He has been chair of Royal New Zealand Ballet and the Shakespeare Globe Centre New Zealand Trust and helped many other significant arts organisations with his advice, pro bono services and simply warm, caring presence.
Sheat received a Wellington Icon Award at the 2019 Gold Awards for more than 60 years of support and leadership in the arts. As early as 1973, he was awarded an OBE, and in 2011 was made a Companion of the New Zealand Order of Merit.
An important thing about Bill Sheat was his willingness to stand up for artists publicly. As recently as October 2019, he wrote this passionate op-ed for the Dominion Post lamenting the way artists are treated as contractors and the state of the capital’s venues - sentiments I see I was parroting just this last month in the same newspaper. His leadership and heartfelt support for artists will be hugely missed.
Quietly and happily, TVNZ have put up three of Shirley Horrocks' recent outstanding documentary portraits of significant New Zealand artists over summer. All have left us in recent years: Tom Kreisler, Peter Peryer and Marti Friedlander.
So far I’ve watched the last of these, Peter Peryer: The Art of Seeing an outstanding articulation of the power of photography as fine art and this distinguished artist. Filmed just before Peter’s passing in 2018, it is the artist himself who hosts us, demonstrating the process by which he has developed his work.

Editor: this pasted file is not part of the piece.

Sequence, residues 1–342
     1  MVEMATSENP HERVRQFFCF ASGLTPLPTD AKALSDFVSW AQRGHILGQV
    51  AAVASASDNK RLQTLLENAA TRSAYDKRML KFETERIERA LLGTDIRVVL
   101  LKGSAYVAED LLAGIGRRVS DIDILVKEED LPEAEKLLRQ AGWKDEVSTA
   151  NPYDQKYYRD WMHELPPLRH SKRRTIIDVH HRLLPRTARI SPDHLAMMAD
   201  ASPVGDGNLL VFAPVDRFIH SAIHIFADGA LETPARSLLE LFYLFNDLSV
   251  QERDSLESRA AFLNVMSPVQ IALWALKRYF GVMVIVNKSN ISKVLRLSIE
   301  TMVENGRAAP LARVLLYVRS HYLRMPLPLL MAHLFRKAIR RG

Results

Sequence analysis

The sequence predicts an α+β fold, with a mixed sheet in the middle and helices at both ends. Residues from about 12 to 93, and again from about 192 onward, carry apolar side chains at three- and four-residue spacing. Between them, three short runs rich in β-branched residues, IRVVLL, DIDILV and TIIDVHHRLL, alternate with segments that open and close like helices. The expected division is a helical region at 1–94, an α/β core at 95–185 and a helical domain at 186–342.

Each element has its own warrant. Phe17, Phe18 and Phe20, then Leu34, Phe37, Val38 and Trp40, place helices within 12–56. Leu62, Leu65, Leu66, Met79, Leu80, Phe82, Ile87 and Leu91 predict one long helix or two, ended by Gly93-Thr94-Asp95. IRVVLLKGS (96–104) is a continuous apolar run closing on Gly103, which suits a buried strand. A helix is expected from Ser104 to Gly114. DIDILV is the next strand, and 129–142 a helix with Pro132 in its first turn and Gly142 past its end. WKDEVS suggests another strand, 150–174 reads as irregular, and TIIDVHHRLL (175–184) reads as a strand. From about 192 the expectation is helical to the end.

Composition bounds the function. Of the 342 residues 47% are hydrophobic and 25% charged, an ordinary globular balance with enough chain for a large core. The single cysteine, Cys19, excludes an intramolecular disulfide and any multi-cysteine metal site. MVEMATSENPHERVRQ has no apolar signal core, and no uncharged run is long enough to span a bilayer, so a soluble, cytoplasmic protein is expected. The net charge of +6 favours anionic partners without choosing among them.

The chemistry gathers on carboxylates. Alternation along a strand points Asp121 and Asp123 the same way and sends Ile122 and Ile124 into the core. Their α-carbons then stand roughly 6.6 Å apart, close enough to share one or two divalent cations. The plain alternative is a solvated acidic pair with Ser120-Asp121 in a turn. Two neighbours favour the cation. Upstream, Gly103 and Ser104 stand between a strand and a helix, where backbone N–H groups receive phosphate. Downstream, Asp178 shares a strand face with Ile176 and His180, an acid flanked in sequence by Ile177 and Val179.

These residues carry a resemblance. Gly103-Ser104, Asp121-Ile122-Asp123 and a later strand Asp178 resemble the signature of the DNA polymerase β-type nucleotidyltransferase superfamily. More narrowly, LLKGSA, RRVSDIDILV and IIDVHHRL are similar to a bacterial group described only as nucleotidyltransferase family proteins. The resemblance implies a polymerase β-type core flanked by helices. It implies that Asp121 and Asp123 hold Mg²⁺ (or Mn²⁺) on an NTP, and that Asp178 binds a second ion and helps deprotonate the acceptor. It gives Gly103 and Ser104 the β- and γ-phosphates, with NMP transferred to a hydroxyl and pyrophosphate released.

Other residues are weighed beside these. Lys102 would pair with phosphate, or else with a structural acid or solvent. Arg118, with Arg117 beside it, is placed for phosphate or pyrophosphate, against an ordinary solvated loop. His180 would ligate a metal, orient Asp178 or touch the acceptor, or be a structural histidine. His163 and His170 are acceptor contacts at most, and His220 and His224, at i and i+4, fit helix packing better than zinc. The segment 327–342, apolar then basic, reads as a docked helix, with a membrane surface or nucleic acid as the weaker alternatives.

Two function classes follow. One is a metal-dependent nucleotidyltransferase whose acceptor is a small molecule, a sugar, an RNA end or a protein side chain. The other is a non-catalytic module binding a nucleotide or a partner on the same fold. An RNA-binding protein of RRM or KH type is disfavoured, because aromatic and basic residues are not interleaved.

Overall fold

Te Papa has established a garden or māra kai in its rooftop area, using the maramataka (Māori lunar calendar). That rooftop has sadly been left empty as exhibition space since it was a place for bold sculpture commissions 10 years ago. Arihia Latham wrote on this project and From the Ground Up, a look at productive gardening through art at Dowse Art Museum in a ‘Te Hīkoi Toi’ Dom Post column.
Meanwhile, Te Papa curators Te Awa and Katie Cooper have explored the history of productive gardens from early Māori gardening to last year’s lockdown in this blog. Timely given the increasing interest across the social, art and political scapes. Extensive gardens have also been planted over summer by Shelly Bay occupying protest group Mau Whenua as covered in this weekend story by Tom Hunt in the Dominion Post.
Speaking of Te Papa, published this month in New York site Atlas Obscura is a story by Ye Charlotte Ming about the museum’s Karanga Aotearoa Repatriation programme, which since being established in 2003, has returned over 600 ancestors to Aotearoa - toi moko and the remains of Māori and Moriori. It begins with poet Hinemoana Baker at a repatriation ceremony at the Ethnological Museum in Berlin in October.
And on the theme of repatriation, summer is a lean period for arts news, with galleries, theatres and organisations closed.